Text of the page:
Wednesday, October 16, 2013

Differentiation of self: family and work

It’s been a while since I’ve heard from Rick, who always asks interesting “systems questions.” Today he asked: “I was just wondering what steps people can take to not be guided by the emotional programming they have acquired from their family of origin. How does one learn to separate oneself from this programming?”
That's a tall order, but then, it describes well the work of differentiation, doesn’t it?

I made a stab at delineating "steps" for Rick, since he framed the question that way (though more accurately, it's a process):
  1. Reach an age that facilitates differentiated growth (a three-year-old can't do it; a sixteen-year-old tries to do it; a twenty-something must do it)
  2.  Leave home for a spell, but call your mom regularly and ask your dad for advice on things
  3. Reframe your thinking and perspective on self, family, faith, and life in general while you're away
  4. Gain some maturational experiences that will allow you to define self apart from your family of origin, "own" your own faith, and be your own person
  5. Return home
  6. Renegotiate your "place" in your family of origin. Change your functioning and position in the system as appropriate
  7.  Leave home again, but stay connected. Call your mother, but stop asking dad for advice.
Following the steps is relatively easy---process is the hard part. For pastoral congregational leaders the issue of differentiation of self is central to effectiveness and well-being, both personal and social. Pastoral leaders need to do the constant work of differentiation in their family or origin, their current family, and, in their congregational "family."
When striving for differentiation in the congregational context, it can be helpful to maintain awareness of three dynamics:

1. Projection. Realize that the majority of your congregational members' relationship with you is a product of their projection of their perception, predilections, and expectations of you in your "role." Their relationship with you is with the role you serve (pastor), and likely little with you personally.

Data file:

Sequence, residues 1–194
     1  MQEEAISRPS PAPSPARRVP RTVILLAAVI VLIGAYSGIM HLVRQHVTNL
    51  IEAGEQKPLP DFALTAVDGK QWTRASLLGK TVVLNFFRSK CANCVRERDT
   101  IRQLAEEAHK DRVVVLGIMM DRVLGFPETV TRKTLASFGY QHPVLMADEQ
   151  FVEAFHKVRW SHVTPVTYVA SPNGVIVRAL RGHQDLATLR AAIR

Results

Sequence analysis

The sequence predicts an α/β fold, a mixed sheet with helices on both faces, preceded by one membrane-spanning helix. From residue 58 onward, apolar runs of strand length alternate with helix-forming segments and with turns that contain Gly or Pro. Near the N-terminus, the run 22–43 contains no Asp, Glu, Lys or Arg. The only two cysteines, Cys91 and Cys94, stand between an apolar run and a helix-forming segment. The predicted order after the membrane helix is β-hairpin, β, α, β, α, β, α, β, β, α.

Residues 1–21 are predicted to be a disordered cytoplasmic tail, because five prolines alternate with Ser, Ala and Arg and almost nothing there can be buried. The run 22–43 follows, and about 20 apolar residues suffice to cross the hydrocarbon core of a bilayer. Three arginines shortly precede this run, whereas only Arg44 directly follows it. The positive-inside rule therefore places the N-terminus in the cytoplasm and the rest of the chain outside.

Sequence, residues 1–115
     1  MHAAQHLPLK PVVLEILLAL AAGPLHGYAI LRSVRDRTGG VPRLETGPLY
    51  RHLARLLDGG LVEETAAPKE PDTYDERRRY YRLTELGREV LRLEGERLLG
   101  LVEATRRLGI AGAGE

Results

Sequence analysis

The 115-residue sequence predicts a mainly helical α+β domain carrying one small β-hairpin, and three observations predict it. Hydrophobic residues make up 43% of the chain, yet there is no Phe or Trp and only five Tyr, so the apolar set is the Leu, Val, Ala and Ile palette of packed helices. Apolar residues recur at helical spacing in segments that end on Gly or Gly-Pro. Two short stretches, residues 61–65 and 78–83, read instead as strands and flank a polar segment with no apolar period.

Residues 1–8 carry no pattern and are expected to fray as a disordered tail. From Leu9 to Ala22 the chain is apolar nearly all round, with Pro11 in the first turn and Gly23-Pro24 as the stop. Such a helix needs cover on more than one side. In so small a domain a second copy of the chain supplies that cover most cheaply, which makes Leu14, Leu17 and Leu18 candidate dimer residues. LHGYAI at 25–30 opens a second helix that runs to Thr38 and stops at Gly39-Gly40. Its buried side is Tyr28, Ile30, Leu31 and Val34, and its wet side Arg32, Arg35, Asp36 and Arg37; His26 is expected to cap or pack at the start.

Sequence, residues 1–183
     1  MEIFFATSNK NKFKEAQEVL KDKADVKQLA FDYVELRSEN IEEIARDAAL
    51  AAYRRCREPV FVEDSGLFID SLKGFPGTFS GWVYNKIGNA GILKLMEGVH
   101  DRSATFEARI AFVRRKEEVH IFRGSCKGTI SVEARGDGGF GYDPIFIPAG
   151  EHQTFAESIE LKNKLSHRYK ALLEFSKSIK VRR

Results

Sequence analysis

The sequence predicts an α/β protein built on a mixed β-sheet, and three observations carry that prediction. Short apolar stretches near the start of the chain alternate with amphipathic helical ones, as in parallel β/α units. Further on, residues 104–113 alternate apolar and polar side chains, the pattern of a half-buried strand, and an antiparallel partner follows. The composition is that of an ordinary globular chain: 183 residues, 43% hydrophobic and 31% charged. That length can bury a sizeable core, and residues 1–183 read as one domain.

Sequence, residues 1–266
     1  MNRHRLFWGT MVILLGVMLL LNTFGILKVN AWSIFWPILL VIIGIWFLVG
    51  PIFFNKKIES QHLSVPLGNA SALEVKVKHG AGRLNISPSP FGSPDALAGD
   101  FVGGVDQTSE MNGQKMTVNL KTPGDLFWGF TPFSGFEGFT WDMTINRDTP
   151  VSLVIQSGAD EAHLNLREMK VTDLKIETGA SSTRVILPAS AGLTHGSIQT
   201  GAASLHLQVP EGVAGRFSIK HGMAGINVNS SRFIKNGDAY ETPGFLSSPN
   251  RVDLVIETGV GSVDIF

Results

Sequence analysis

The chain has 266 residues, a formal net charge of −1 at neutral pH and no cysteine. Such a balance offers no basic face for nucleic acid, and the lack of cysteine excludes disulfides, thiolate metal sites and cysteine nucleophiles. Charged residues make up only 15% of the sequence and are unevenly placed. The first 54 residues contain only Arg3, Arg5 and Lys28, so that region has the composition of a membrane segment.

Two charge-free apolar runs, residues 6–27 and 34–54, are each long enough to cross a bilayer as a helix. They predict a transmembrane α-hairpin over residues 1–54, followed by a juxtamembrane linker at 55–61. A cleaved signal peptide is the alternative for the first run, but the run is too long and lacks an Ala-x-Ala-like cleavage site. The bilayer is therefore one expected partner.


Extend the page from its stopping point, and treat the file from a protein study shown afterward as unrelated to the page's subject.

2. Role vs. self. Be cognizant of the interplay between the role you serve and play ("Pastor") as pseudo self, and who you really are--your own true self. Some of this is appropriately negotiated, some of it not. The more you are able to maintain boundaries and align the two, the better you'll be.
3. Transference of function and identity. Working at differentiation in one's own family, and, gaining clarity about the interplay of role vs. self can mitigate the liabilities that come with transference of function and identity. For example, getting clear about one's sibling position and assigned "role" in one's family of origin (IP, favored child, triangled child), and working at differentiating in that family, can help avoid transferring that emotional functioning into our identity as congregational leader. So, while you may have been the triangulated middle child in your family of origin during a particular family life cycle stage, there is liability in getting stuck in that emotional functioning when you are the senior pastor in a congregation.  

Differentiation of self is hard work, no doubt. But in a real sense, it is the work that intersects the three most important spheres of relationships we occupy: our family of origin, our immediate family, and our ministry context. 

Israel Galindo is Associate Dean for Lifelong Learning at the Columbia Theological Seminary. Formerly he was Dean at the Baptist Theological Seminary at Richmond. He contributes to the blog for theological school deans of the Wabash Center. 

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